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Railway Giants: He Started as a Pool Hall Cashier, Eventually Became an Influential Investor. Stilwell Followed God's Will

Railway Giants: He Started as a Pool Hall Cashier, Eventually Became an Influential Investor. Stilwell Followed God's Will
photo: Portrait of Arthur Stilwell / Wikimedia commons/Arthur Stilwell
26 / 02 / 2024

Arthur Stilwell is one of the key figures in the development of the American railroad. Read the story, full of unexpected twists and turns.

The year is 1859, and we are in the American city of Rochester, New York. It is here that Arthur Stilwell is born. He won't be in his hometown for long, as he convinces a family friend to employ him as a cashier at a billiard room in his hotel in St. Louis. But this is not a job that young Arthur wants to do for the long term. In a few years, he will find a job with Travelers' Insurance, for which he will work as a salesman. This change of career is not the result of an omnipotent coincidence, but rather the result of Arthur's father's bad investments, which led him into debt. Arthur therefore needed a job that would, if possible, provide him with enough money to at least partially repay his father's debts.

Hotel postaven Arthurem Stilwellem

Because of his skill, he works his way up to the position of national agent for his insurance company. Here he will earn a considerable amount of money not only to pay off his father's debts but above all to secure not only his own future. For he has been courting a girl named Jennie A. Wood for some time. These funds will enable him to secure their married life together.

Not long after, Arthur decides to pursue a career as an investor and so leaves his job at the insurance company. The question, however, is where to invest his money. Arthur decides on the railroad, which is quite logical. His start on the rails has already helped him build a bright career in the insurance industry, so why shouldn't he be able to make an investment career on the railroad again?

Railway Investor

Arthur starts to build the Kansas City Suburban Belt Railway. To connect Kansas City to the Gulf of Mexico by rail, he begins building and acquiring rail lines for the Kansas City, Pittsburg, and Gulf Railroad Company (later to become the Kansas City Southern Railroad), laying out land for towns along the way, including Mena, Arkansas; Stilwell, Oklahoma; Port Arthur, Texas; and many others. The move is perfectly logical. It is a historical rule that cities thrive most when they are near transportation routes. Moreover, the population in the US is growing, and there is no end to migration from Europe, Asia, and elsewhere, so there will be no shortage of residents.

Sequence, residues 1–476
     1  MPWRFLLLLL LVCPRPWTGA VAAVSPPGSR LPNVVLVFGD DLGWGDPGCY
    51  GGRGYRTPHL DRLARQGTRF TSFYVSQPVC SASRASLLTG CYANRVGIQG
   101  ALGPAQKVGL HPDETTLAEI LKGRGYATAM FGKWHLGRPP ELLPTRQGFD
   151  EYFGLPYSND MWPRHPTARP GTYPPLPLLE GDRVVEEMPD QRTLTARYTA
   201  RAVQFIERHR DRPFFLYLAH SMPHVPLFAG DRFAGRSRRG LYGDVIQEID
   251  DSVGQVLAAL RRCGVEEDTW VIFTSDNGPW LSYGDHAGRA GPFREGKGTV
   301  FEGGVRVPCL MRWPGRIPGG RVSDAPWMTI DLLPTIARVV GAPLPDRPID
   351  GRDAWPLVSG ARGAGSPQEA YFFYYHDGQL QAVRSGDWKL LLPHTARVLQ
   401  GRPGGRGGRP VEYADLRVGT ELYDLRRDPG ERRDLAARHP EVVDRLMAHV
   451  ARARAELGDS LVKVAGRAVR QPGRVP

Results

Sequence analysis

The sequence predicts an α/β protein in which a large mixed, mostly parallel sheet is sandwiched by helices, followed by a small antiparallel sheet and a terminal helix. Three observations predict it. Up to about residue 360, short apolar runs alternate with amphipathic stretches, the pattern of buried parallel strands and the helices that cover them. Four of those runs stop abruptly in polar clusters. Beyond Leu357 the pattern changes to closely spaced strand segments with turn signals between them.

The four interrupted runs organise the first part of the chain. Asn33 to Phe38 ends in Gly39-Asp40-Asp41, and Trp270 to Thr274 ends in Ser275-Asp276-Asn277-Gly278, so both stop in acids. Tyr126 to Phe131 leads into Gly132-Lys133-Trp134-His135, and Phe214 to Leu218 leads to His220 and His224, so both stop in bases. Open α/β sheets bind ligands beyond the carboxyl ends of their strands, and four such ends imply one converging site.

Teno's move may prove brilliant in terms of the long-term flourishing of this swath of U.S. territory, but not so much from an investor's perspective. Fortune will be against Arthur this time. Setbacks, including lawsuits, a hurricane, and yellow fever, cause financial problems for the otherwise successful venture, and on April 1, 1899, Arthur's company, KCP&G, is thrown into receivership by one of its financiers. Few could have guessed at the time that in just two years, a giant oil field would be discovered in Texas, ensuring the railroad's future success.

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The setback of losing control of the KCP&G, however, did not faze Arthur. Almost immediately, he announces plans to build a railroad that will connect Kansas City to the Pacific Ocean for a change. He forms the Kansas City, Mexico, and Orient Railway. Ironically, its fate is not much different from that of its older sister. Due to financial problems and the Mexican Revolution sparked in 1910, the company is forced into receivership in March 1912. Oil is discovered beneath its tracks, which enriches its manager, William T. Kemper.

A Time of Settlement

Arthur, however, has neither the desire nor the time for another attempt. He will retire in 1912 and devote himself to writing books. In them, he will, among other things, settle scores with his financial rivals. The highlight of these works will be the book "Cannibals of Finance", which attacks John Gates, Harriman, and Thalmann, the men who forced KCP&G (Kansas City Southern) into receivership.

Arthur Stilwell dies of apoplexy on September 26, 1928, in New York City at the age of 68. Less than two weeks later, his wife commits suicide. Dressed in her finest clothes, she jumps from the window of their 12th-floor Manhattan apartment. Ironically, the Stilwells leave behind an estate worth only $1,000. The Stilwells' cremated remains have never been found.

Thus ends the story of a man who contributed greatly to the development of the United States at the turn of the 19th and 20th centuries. Yet, in his own words, he had little to do with his work. He claimed that all his business plans were dictated by voices from the spirit world. His decision to run the railroad to what later became Port Arthur was said to be based on a prophetic warning that a tidal wave would hit the city of Galveston. Four years later, in 1900, the city was devastated by the most destructive hurricane in United States history.

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